Way Cool!!!!!!
Title: Re: 20x36 Dogtrot in Western New Mexico
Post by: Huge29 on August 27, 2012, 09:37:47 PM
Very nice!  Is that privacy glass on the door?  Seems awfully open for a privy, but it is hard to see the glass very well.
Title: Re: 20x36 Dogtrot in Western New Mexico
Post by: hpinson on August 28, 2012, 04:30:54 AM
Good news about that. My daughter is making curtains, but myself, I enjoy the view!  There is a nice meadow, no neighbors in that direction, with the occasional deer visiting.
Title: Re: 20x36 Dogtrot in Western New Mexico
Post by: hpinson on September 08, 2012, 05:16:40 AM
I really enjoyed the cedar post and beam construction of the outhouse project.  One thing that was time consuming was doing the post connections. Without getting into tranditional timberframe joinery, I've been looking for a fast and solid way to join posts, and just found this:

http://www.allsteelshedframes.com/steeltimberconnectors.htm

They make a variety of steel 4x4 post connectors.  This really has given me some ideas to pursue.

Title: Re: 20x36 Dogtrot in Western New Mexico
Post by: hpinson on November 19, 2012, 09:04:45 AM
Just an update on a small fall project-- a compost bin, and hay storage.  Construction is mostly of ceder with some redwood scraps.

It's almost done, I just need to finish adding the metal roof panels, and cage the center section so that deer don't get into the hay that I plan on storing there.

The hay is organic material for the composter, and maybe I'll starting feeding it to the deer over the winter. It's very dry right now and there is not a lot of forage.

The composter is in two stages.  When the first bin fills then I move on the second. Presumably when the second bin fills, the first will be ready. The whole process will take about three years I think.

One problem is that it does not rain enough here to foster fast composting. The piles tend to dry out.  I'm hoping that the metal roof will help divert some extra rain into the two bins. That still may not be enough so I supplement with buckets of water occasionally.

(https://countryplans.com/smf/proxy.php?request=http%3A%2F%2Fruratec.com%2Fmedia%2Fcomposter%2Fcomposter_under_construction.jpg&hash=4b04ac27565b69ac0db1ceb91933e0e9dc177d32)
Title: Re: 20x36 Dogtrot in Western New Mexico
Post by: hpinson on November 28, 2012, 03:45:14 PM
High-volume water filter HOWTO for future reference:

<iframe width="420" height="315" src="https://www.youtube.com/embed/dVI9YDsOZj8" frameborder="0" allowfullscreen></iframe>
Title: Re: 20x36 Dogtrot in Western New Mexico
Post by: hpinson on February 10, 2013, 10:24:42 AM
For owners of a deep well Simple Pump system, who need to pull the pump for maintenance; this has to date been a difficult task. There is a major innovation (February 2013): The Simple Pump Lift, which is a mechanical assist for dropping / pulling up to 300 pounds of pipe and sucker rod. I will be purchasing one, and if it works as described will address what was really my single concern for using a simple pump on deep wells '150-'300 - the difficulty of pulling and setting the heavy sucker rod / pipe column.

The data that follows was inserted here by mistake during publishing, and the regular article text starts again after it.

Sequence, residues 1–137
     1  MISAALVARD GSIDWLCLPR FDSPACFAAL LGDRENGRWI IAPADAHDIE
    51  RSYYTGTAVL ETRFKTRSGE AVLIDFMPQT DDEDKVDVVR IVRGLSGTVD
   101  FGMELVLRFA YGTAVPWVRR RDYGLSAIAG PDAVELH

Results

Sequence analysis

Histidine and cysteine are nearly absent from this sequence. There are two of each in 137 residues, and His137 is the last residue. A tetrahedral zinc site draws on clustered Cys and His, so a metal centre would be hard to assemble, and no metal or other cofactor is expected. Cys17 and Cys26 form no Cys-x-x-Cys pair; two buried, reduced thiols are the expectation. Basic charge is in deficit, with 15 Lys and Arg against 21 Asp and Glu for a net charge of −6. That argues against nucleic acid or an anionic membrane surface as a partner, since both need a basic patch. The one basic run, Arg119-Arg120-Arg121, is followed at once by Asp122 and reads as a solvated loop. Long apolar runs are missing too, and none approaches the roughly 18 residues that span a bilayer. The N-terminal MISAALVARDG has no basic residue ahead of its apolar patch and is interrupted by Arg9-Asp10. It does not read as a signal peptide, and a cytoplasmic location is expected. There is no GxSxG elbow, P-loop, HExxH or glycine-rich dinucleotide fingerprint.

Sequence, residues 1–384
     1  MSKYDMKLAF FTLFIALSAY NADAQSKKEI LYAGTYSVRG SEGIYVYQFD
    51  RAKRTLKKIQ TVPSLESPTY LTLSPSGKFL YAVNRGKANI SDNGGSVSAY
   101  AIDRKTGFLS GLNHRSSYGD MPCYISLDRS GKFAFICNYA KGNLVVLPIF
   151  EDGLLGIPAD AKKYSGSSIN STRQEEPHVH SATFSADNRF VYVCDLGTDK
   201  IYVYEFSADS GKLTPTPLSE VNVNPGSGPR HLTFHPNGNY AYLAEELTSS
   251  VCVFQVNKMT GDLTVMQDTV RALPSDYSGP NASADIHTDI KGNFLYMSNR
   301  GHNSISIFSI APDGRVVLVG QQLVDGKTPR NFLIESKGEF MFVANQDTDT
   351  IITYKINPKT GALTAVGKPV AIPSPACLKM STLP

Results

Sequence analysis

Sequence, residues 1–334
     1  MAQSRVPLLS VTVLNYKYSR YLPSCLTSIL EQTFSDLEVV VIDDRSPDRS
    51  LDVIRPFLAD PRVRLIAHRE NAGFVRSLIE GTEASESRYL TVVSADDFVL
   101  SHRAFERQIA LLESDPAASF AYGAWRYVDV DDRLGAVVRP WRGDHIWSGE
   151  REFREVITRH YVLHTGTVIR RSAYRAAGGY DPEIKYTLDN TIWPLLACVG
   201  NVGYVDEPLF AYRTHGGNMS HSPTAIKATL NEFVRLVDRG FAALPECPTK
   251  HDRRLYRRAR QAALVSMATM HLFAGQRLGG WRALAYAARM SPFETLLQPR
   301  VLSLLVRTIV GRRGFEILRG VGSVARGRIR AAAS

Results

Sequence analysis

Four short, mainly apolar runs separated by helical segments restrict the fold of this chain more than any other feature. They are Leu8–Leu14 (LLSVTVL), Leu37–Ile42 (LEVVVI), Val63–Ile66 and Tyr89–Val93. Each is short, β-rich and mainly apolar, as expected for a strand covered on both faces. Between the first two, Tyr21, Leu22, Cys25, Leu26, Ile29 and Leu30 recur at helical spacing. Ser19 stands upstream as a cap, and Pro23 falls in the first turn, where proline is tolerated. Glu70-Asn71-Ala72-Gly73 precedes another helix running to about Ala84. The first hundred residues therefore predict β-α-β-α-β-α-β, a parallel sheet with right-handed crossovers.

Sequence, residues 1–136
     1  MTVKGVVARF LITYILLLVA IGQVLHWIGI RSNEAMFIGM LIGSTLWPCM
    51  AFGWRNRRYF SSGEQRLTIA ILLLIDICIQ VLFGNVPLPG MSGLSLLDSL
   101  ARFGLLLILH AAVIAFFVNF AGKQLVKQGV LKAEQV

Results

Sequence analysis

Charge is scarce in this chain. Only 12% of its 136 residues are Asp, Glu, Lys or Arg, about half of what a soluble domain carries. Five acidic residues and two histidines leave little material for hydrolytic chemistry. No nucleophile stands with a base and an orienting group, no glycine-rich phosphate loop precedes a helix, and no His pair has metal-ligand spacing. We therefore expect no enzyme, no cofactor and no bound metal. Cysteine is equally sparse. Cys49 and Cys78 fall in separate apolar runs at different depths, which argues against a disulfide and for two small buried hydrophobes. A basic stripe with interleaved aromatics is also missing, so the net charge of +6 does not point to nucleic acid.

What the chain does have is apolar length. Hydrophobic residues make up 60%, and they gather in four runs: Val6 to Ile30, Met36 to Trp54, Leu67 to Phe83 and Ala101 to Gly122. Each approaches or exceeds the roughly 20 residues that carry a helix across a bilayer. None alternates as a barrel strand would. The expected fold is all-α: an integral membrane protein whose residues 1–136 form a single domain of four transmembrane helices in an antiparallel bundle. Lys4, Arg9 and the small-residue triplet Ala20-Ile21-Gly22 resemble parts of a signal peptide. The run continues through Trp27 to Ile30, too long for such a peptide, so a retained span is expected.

http://www.simplepump.com/Support-PDFs/SIMPLEPUMP-Pump-Installation-Lift-Install.pdf

From the booklet:

"Thank you for purchasing the Pump Installation Lift from Simple Pump. The Pump Installation Lift (Pump
Lift) is a manual mechanism that uses a crank to drive opposing gripper belts that lift up to 300 lbs. of a
Simple Pump system.

For example, a Simple Pump system, with its 1" PVC drop pipe, installed down to 325 feet in a well with a
static water level of 300 feet, will contain up to 90 lbs. of water, 180 lbs. of Schedule 120 drop pipe and
20 pounds of fiberglass sucker rod, for a total of 290 pounds.

The lifting capability of the Pump Lift is directly related to the belt traction between the pipe wall and the
gripper belts. Iron oxide bacteria (slime), algae growth on the outside of the PVC pipe, or any substance
that makes the gripper belts slippery will diminish the total lifting capability."
Title: Re: 20x36 Dogtrot in Western New Mexico
Post by: hpinson on February 15, 2013, 10:20:38 PM
I checked with Simple Pump, and the lifter is pricey, though that is certainly a reflection of production costs.

I asked if it could be rented. Because of liability issues, no, at least not from Simple Pump company.

It seems to be marketed mainly towards well maintenance professionals outside of the USA.

Anyway, it is out of my price range.

Perhaps some third party will make it available for rental.

Title: Re: 20x36 Dogtrot in Western New Mexico
Post by: hpinson on March 17, 2013, 07:51:36 AM
The old and decrepit mobile home on our property has a small newer addition which was fairly well built. It is 16'x20' with a solid block foundation on a sound concrete footer with no obvious problems, 2"x4" stud walls insulated with fiberglass bat, plastic house wrap, log siding, fabricated trusses and a metal roof.  Below the trusses is a drywall ceiling with some water damage, and above the drywall ceiling is fiberglass insulation which has gotten a bit wet in places.

We have decided we would like to preserve this structure when we tear down the mobile home. It can serve as a place to stay for now if we build something else, and perhaps eventually serve as a guest bunkhouse.

The structure needs some rework.

The first problem is that the metal roof is leaking a bit. Not huge leaks, but here and there, with some tears in the metal, and really needs to be replaced.

The corrugated metal panels are screwed directly 2x4 purlins which rest on 2x6 fabricated trusses, 24" OC, which are in excellent shape.

What I am thinking is pull the metal roofing.

Then install 2" rigid foam core insulation between the purlins, top with 7/16" OSB or plywood sheathing directly over the nailed to the purlins, cover with Titanium UDL roll roofing, and finally install metal corrugated roofing screwed to the sheathing.